For the third quarter ended September 30, 2020, the BBH Partner Fund —International Equity (the “Fund”) returned +8.11%. Over the same period, the MSCI EAFE Index1 (the “Index”) returned +4.80%.
Select Equity Group, L.P., the Fund’s sub-adviser, assumed management of the Fund on February 24, 2017. Since that date through the third quarter of 2020, the Fund has generated a net annualized return of +11.20%, outperforming the Index’s annualized return of +4.30% by approximately +690 basis points2 (“bps”) per annum. The Fund has generated a net cumulative return of +46.6% over the same period, outperforming the Index’s cumulative return of +16.4% by approximately +3,020 bps.
International equity markets continued to recover in the third quarter following the sharp sell-off witnessed in February and March 2020. Unlike the near-uniform, double-digit declines and subsequent bounce in stocks that characterized the first and then second quarters of the year, we are now witnessing a divergence in market opinion on the fates of individual businesses in a post-pandemic world. Stocks perceived as COVID-19 beneficiaries (particularly in the Technology sector) have experienced rapid share-price appreciation and, in many cases, have already surpassed their pre-pandemic highs. Conversely, many companies that operate in non-digital domains — particularly in those sectors most directly negatively impacted by coronavirus-related restrictions on consumer behavior (notably travel and leisure and brick-and-mortar retail) — have seen their shares languish, and markets overall remain down on the year as of this writing (unsurprisingly, given the global economic recession wrought by the virus). This uneven recovery in equities is presenting us with opportunities on both sides. While we remain invested in many outstanding companies that have continued to grow cash earnings and/or earnings power through the ongoing downturn, we have been gradually rotating capital into what we believe are high-quality growth companies on our approved list whose shares remain relatively depressed (and, thus, offer compelling valuations).
In the third quarter of 2020, the Fund’s returns continued to be broad-based. In a period during which the Index gained +4.80% in just three months, the Fund’s contributors outnumbered its detractors by more than four to one. In the third quarter, we had 10 positions that contributed greater than +0.20% each to the Fund’s returns, including six that contributed greater than +0.50% each. We had two positions that detracted more than -0.10% each during the period, one of which detracted greater than -0.20%.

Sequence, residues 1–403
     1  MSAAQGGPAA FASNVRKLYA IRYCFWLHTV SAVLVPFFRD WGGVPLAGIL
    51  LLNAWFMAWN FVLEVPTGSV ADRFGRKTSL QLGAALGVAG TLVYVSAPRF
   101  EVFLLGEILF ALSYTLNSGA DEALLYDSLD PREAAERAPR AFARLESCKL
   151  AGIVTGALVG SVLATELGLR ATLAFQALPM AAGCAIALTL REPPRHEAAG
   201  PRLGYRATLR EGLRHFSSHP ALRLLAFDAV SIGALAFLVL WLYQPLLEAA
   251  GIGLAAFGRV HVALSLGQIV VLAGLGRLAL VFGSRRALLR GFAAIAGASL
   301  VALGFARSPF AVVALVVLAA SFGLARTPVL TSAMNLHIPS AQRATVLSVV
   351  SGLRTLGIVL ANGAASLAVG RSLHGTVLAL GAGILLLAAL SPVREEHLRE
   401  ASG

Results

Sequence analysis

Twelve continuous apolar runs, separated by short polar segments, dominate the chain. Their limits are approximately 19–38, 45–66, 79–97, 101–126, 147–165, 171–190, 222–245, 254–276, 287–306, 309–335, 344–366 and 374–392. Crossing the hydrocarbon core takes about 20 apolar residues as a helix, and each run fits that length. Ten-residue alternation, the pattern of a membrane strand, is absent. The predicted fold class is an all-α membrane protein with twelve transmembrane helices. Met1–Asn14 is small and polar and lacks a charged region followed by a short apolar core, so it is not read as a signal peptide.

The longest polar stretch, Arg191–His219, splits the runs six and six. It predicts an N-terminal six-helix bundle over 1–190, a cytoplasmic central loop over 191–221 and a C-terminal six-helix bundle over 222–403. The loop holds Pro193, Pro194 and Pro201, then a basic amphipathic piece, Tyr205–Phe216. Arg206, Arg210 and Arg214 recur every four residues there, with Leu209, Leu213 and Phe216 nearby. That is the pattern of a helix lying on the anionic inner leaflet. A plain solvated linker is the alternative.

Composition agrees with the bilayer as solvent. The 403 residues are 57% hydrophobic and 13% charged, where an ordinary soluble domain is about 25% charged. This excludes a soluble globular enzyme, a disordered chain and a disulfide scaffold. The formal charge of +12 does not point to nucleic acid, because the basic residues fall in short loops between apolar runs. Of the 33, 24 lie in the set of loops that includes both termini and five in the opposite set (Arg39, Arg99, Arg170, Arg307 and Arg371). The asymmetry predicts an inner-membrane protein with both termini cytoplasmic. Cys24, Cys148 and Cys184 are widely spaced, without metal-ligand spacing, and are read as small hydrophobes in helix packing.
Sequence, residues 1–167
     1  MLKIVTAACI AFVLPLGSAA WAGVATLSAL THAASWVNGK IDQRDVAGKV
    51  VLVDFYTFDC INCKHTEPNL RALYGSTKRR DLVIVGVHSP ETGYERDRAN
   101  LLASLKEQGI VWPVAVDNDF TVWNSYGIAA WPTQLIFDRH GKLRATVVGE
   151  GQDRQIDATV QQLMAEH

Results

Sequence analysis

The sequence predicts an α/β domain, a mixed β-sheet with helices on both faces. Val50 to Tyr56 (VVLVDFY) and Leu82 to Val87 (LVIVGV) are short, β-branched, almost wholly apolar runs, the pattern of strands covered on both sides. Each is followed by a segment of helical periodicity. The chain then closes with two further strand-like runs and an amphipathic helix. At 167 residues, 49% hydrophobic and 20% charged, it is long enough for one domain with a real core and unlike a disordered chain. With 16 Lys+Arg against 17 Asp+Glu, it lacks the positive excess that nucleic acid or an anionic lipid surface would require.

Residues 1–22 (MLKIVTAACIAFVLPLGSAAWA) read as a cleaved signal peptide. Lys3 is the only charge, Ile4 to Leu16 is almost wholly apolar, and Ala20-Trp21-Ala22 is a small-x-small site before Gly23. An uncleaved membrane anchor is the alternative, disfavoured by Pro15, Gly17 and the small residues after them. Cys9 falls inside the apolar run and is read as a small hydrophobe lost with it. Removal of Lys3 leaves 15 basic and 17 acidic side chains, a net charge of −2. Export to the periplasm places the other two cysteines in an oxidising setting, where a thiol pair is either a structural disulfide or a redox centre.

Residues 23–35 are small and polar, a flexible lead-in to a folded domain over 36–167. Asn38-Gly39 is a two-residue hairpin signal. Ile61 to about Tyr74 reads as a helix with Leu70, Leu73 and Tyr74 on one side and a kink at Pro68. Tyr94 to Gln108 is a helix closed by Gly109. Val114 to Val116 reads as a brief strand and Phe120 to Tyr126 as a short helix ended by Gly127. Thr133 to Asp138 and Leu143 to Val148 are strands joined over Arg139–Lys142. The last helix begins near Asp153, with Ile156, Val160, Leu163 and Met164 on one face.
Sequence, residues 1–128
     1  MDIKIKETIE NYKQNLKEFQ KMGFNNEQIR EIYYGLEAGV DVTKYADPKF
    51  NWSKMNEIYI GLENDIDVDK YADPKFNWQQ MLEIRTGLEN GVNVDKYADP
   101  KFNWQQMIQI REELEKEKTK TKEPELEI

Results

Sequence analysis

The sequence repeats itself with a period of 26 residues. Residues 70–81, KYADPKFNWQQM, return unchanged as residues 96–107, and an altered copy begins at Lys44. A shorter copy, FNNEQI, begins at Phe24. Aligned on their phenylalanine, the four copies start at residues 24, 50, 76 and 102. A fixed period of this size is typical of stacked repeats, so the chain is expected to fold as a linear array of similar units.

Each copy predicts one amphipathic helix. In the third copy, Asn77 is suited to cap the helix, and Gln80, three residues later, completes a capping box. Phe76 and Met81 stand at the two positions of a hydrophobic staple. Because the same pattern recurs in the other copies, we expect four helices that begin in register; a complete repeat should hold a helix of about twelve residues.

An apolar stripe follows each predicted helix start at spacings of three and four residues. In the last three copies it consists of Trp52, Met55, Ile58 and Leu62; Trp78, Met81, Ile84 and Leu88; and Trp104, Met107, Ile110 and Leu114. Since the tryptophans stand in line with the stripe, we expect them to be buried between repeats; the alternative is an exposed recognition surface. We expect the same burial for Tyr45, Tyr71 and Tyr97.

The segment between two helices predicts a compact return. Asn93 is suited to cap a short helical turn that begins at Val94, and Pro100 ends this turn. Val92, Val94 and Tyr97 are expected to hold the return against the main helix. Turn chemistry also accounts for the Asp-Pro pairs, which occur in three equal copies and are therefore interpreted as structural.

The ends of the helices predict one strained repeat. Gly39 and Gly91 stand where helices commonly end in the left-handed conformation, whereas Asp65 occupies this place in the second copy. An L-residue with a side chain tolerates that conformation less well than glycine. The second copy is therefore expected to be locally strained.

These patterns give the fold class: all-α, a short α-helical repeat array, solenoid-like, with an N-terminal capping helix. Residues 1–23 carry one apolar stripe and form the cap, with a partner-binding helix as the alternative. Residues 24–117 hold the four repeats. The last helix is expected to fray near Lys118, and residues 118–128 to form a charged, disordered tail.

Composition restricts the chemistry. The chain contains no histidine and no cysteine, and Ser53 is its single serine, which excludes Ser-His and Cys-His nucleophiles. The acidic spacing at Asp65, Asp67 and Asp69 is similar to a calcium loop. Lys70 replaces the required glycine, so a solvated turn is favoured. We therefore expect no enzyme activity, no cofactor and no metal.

Our largest contributor to performance in the third quarter was Alibaba Group (9988 HK), a company that we have been studying since its initial public offering (IPO) in 2014. Alibaba operates the largest online commerce platform in China and one of the two largest in the world. Its Taobao (consumer-to-consumer) and Tmall (merchant-to-consumer) e-commerce sites account for a staggering 18% of all consumption in the Chinese economy, up from 10% just five years ago. Alibaba exhibits one of the best financial profiles in our universe, maintaining over 20% operating margins and more than 25% free cash flow margins, while organically growing revenue more than 30% annually. Over the last five years, Alibaba has compounded cash earnings per share at a 45% compound annual growth rate (CAGR). Despite its unique blend of high growth and strong cash-flow generation, Alibaba trades at a pronounced valuation discount to the well-known, publicly traded technology and Internet giants in the U.S. We significantly increased our existing holding in Alibaba earlier this year, making it a top five position, when rising U.S.-China geopolitical tensions caused the stock to trade off to a 3% free cash flow yield. At the time, notwithstanding trade tensions (which have very little impact on Alibaba’s predominantly domestic Chinese operations), we observed that China’s economy was experiencing the closest thing to a “V-shaped” economic recovery of any large country in the world thanks to its relative success in avoiding a second nationwide outbreak of the coronavirus. At the same time, we viewed Alibaba as a natural beneficiary of changing consumer behavior post-COVID-19, as more purchase behavior across a wider spectrum of product categories shifted to e-commerce from brick-and-mortar retail. During the third quarter, Alibaba reported very strong quarterly results with revenue growing 34% year over year (YoY) and operating profit growing 37% YoY. The company subsequently hosted a three-day virtual Investor Day, at which management reassured investors that it would likely deliver strong overall group profitability by investing in a disciplined manner in its numerous money-losing, non-core business lines. The stock appreciated +32% (in USD) during the quarter, contributing roughly +130 bps to the Fund’s performance. We believe Alibaba remains significantly undervalued, and the position ended the quarter as our second-largest holding.